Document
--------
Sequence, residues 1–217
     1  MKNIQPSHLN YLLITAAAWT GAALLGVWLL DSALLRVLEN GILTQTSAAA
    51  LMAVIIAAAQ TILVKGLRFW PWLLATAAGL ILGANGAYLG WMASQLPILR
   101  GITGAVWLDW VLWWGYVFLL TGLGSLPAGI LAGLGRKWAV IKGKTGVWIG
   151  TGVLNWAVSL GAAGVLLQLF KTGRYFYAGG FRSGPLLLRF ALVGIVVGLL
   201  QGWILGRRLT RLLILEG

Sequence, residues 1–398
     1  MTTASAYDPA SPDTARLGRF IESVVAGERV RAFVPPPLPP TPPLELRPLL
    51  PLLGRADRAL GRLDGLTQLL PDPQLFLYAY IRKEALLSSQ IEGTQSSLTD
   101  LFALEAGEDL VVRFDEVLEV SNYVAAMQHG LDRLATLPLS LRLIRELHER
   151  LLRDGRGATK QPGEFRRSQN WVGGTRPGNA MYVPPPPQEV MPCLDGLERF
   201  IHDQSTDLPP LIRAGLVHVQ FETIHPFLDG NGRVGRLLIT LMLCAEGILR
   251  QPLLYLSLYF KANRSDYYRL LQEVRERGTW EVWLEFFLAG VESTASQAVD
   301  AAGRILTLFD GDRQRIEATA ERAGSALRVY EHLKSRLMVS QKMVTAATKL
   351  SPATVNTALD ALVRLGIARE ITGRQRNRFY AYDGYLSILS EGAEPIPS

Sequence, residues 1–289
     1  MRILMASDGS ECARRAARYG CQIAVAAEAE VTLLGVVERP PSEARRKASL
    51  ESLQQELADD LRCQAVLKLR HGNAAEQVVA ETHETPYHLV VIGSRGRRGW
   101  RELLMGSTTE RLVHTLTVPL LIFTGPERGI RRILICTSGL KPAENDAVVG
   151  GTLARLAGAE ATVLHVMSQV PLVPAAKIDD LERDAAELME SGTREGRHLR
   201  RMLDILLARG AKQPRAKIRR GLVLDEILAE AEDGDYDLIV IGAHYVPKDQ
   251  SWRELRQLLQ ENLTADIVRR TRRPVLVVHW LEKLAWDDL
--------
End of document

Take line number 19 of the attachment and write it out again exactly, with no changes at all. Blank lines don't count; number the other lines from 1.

   101  RELLMGSTTE RLVHTLTVPL LIFTGPERGI RRILICTSGL KPAENDAVVG